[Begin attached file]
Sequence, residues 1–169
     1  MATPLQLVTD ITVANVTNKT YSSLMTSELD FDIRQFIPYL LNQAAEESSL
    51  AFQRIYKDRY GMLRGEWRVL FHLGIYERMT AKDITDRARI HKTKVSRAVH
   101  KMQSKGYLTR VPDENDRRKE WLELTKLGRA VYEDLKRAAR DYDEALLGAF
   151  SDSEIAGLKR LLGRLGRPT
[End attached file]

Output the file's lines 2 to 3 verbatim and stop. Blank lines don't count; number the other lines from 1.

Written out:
     1  MATPLQLVTD ITVANVTNKT YSSLMTSELD FDIRQFIPYL LNQAAEESSL
    51  AFQRIYKDRY GMLRGEWRVL FHLGIYERMT AKDITDRARI HKTKVSRAVH